Abstract: Machine Learning is the study of methods for programming computers to learn. Computers are applied to a wide range of tasks, and for most of these it is relatively easy for programmers to design and implement the necessary software. However, there are many tasks for which this is difficult or impossible. These can be divided into four general categories. First, there are problems for which there exist no human experts. For example, in modern automated manufacturing facilities, there is a need to predict machine failures before they occur by analyzing sensor readings. Because the machines are new, there are no human experts who can be interviewed by a programmer to provide the knowledge necessary to build a computer system. A machine learning system can study recorded data and subsequent machine failures and learn prediction rules. Second, there are problems where human experts exist, but where they are unable to explain their expertise. This is the case in many perceptual tasks, such as speech recognition, hand-writing recognition, and natural language understanding. Virtually all humans exhibit expert-level abilities on these tasks, but none of them can describe the detailed steps that they follow as they perform them. Fortunately, humans can provide machines with examples of the inputs and correct outputs for these tasks, so machine learning algorithms can learn to map the inputs to the outputs. Third, there are problems where phenomena are changing rapidly. In finance, for example, people would like to predict the future behavior of the stock market, of consumer purchases, or of exchange rates. These behaviors change frequently, so that even if a programmer could construct a good predictive computer program, it would need to be rewritten frequently. A learning program can relieve the programmer of this burden by constantly modifying and tuning a set of learned prediction rules. Fourth, there are applications that need to be customized for each computer user separately. Consider, for example, a program to filter unwanted electronic mail messages. Different users will need different filters. It is unreasonable to expect each user to program his or her own rules, and it is infeasible to provide every user with a software engineer to keep the rules up-to-date. A machine learning system can learn which mail messages the user rejects and maintain the filtering rules automatically. Machine learning addresses many of the same research questions as the fields of statistics, data mining, and psychology, but with differences of emphasis. Statistics focuses on understanding the phenomena that have generated the data, often with the goal of testing different hypotheses about those phenomena. Data mining seeks to find patterns in the data that are understandable by people. Psychological studies of human learning aspire to understand the mechanisms underlying the various learning behaviors exhibited by people (concept learning, skill acquisition, strategy change, etc.).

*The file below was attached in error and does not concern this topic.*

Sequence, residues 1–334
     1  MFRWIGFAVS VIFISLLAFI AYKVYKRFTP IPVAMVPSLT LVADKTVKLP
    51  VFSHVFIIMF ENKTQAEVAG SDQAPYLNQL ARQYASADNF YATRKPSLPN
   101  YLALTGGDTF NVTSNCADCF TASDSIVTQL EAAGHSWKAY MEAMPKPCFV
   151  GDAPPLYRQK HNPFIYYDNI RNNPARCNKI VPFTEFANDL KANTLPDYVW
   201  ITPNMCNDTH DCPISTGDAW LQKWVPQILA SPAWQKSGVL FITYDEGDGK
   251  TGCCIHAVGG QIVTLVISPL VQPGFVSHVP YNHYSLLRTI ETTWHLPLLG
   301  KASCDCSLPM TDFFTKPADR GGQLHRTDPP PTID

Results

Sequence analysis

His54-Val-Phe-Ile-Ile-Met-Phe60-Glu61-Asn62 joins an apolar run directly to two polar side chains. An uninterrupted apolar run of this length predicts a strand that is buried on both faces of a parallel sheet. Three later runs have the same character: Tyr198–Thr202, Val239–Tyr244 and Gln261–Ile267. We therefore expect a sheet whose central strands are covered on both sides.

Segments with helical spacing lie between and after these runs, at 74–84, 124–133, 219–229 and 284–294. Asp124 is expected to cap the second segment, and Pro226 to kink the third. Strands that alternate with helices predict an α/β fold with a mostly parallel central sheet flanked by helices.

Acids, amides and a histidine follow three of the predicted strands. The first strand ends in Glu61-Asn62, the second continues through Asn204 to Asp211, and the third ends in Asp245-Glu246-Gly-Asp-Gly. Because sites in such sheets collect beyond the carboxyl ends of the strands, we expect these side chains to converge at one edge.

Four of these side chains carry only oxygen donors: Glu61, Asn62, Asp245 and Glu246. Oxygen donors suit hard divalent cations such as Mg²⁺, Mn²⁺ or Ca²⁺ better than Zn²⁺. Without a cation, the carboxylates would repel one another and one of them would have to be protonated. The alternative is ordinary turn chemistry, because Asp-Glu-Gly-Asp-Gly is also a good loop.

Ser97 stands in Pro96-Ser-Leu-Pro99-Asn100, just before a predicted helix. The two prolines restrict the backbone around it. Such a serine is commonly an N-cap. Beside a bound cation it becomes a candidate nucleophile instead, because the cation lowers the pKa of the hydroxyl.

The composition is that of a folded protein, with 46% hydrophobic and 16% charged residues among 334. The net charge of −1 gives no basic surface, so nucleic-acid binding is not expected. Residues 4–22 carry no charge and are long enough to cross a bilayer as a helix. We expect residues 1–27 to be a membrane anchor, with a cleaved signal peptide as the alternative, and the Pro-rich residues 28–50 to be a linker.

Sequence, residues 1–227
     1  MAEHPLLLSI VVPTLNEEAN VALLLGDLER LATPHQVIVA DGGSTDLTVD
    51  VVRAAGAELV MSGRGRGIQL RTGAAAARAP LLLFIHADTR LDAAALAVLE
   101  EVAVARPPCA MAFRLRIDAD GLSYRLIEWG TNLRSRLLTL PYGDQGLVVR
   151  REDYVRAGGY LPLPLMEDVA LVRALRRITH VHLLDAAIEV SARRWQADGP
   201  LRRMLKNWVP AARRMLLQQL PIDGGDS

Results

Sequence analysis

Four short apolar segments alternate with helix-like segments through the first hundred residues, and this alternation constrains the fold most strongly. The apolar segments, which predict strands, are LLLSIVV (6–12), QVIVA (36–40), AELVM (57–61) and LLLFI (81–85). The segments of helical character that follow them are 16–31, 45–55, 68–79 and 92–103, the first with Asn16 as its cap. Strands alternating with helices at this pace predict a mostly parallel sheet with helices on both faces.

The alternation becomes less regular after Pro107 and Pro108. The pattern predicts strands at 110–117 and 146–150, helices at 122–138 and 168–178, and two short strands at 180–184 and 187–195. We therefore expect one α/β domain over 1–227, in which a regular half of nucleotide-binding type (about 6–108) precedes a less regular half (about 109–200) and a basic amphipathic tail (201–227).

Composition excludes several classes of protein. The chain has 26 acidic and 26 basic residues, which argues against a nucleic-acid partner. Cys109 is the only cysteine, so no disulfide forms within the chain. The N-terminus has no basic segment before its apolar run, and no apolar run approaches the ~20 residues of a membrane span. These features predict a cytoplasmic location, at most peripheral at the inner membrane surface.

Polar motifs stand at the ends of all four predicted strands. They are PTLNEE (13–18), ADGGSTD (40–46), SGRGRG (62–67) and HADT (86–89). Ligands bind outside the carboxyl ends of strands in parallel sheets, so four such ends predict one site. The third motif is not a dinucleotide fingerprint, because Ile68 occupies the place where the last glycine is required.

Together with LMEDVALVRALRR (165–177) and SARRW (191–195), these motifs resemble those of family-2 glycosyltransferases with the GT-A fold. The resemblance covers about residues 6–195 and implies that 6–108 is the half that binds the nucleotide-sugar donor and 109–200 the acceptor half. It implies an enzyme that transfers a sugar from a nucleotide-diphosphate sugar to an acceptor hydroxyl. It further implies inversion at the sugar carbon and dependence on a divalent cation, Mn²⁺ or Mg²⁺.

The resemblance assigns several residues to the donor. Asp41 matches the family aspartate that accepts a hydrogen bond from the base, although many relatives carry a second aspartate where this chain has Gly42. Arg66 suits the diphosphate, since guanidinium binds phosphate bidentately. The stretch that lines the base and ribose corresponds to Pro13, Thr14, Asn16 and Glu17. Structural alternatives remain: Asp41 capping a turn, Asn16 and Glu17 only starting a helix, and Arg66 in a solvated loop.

TL;DR: In this paper, a sedimentological core and petrographic characterisation of samples from eleven boreholes from the Lower Carboniferous of Bowland Basin (Northwest England) is presented.
Abstract: Deposits of clastic carbonate-dominated (calciclastic) sedimentary slope systems in the rock record have been identified mostly as linearly-consistent carbonate apron deposits, even though most ancient clastic carbonate slope deposits fit the submarine fan systems better. Calciclastic submarine fans are consequently rarely described and are poorly understood. Subsequently, very little is known especially in mud-dominated calciclastic submarine fan systems. Presented in this study are a sedimentological core and petrographic characterisation of samples from eleven boreholes from the Lower Carboniferous of Bowland Basin (Northwest England) that reveals a >250 m thick calciturbidite complex deposited in a calciclastic submarine fan setting. Seven facies are recognised from core and thin section characterisation and are grouped into three carbonate turbidite sequences. They include: 1) Calciturbidites, comprising mostly of highto low-density, wavy-laminated bioclast-rich facies; 2) low-density densite mudstones which are characterised by planar laminated and unlaminated muddominated facies; and 3) Calcidebrites which are muddy or hyper-concentrated debrisflow deposits occurring as poorly-sorted, chaotic, mud-supported floatstones. These